Here are some suggestions on where to start.
Accessibility on your library website
Everything you create on the web must comply with Web Content Accessibility Guidelines. Bookmark that site because it’s your guidebook for all your online projects.
Web Content Accessibility Guidelines (WCAG) are developed with individuals and organizations around the world. The goal is to provide a single shared standard for text, images, sound, codes, and more… basically, everything that appears on the internet. Here is the quick reference guide for the latest version of the guidelines.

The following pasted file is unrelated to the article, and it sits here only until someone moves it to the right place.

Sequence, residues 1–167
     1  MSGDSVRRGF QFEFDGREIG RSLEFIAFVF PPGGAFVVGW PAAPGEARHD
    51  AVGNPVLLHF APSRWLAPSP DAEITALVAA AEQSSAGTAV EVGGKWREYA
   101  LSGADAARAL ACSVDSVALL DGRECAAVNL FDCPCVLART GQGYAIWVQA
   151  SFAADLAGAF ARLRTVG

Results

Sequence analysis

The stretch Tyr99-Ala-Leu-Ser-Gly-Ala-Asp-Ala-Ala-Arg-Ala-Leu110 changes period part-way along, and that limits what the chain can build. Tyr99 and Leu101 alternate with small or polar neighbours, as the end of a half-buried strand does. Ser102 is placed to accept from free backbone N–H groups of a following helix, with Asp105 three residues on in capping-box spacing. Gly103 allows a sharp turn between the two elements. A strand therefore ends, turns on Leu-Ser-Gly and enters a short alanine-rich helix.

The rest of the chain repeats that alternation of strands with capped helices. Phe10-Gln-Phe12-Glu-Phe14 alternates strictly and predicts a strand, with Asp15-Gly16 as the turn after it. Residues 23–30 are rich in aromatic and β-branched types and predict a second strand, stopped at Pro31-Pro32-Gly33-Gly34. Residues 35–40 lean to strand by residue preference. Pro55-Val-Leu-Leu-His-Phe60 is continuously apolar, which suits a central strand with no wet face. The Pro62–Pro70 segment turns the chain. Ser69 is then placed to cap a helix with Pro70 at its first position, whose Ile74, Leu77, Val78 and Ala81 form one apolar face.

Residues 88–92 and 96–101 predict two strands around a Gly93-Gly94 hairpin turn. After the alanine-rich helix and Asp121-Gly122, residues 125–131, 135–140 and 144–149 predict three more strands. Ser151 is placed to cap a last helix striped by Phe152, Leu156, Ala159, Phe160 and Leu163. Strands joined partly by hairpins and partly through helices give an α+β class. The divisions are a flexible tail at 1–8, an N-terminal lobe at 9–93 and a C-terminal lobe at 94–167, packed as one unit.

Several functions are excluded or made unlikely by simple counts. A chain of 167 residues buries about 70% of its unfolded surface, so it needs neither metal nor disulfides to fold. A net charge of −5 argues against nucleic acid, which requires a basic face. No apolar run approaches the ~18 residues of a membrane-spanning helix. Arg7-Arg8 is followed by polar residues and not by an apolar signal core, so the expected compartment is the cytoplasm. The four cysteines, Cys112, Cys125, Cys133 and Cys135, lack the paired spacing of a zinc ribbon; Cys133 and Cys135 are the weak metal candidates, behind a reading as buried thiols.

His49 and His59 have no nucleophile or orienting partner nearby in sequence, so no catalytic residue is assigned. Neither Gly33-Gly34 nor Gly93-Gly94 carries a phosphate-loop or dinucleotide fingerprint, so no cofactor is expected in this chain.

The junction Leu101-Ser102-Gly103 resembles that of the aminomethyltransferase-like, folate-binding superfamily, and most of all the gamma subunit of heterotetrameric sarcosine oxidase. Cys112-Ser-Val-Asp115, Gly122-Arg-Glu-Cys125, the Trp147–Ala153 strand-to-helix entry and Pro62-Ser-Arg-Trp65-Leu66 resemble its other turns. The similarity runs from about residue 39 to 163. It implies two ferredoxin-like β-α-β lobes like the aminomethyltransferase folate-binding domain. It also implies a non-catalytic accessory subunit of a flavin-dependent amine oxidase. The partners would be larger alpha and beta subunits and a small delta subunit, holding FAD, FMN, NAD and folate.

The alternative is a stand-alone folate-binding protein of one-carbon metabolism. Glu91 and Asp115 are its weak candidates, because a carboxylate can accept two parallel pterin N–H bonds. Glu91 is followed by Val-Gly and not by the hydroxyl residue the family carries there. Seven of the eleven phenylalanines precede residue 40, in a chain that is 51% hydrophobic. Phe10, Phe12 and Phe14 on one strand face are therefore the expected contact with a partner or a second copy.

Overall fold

Consider how easy or difficult it is for patrons with disabilities to find information about your library’s accessibility on your website. You’ll also want to create an accessibility statement, which should be as easy for people to find as your circulation policy or standards of library behavior policy.
Your statement should include information on the accessibility of your physical buildings, the accessibility of your vendor-provided services like eBooks and databases, and your library’s stance on service animals, support personnel, and assistive technology. Include contact information so community members can report a concern or ask a question about accessibility.
Some great examples of library accessibility statements include the policy of the University of Birmingham and this policy from the Toronto Public Library.
Accessibility in design and marketing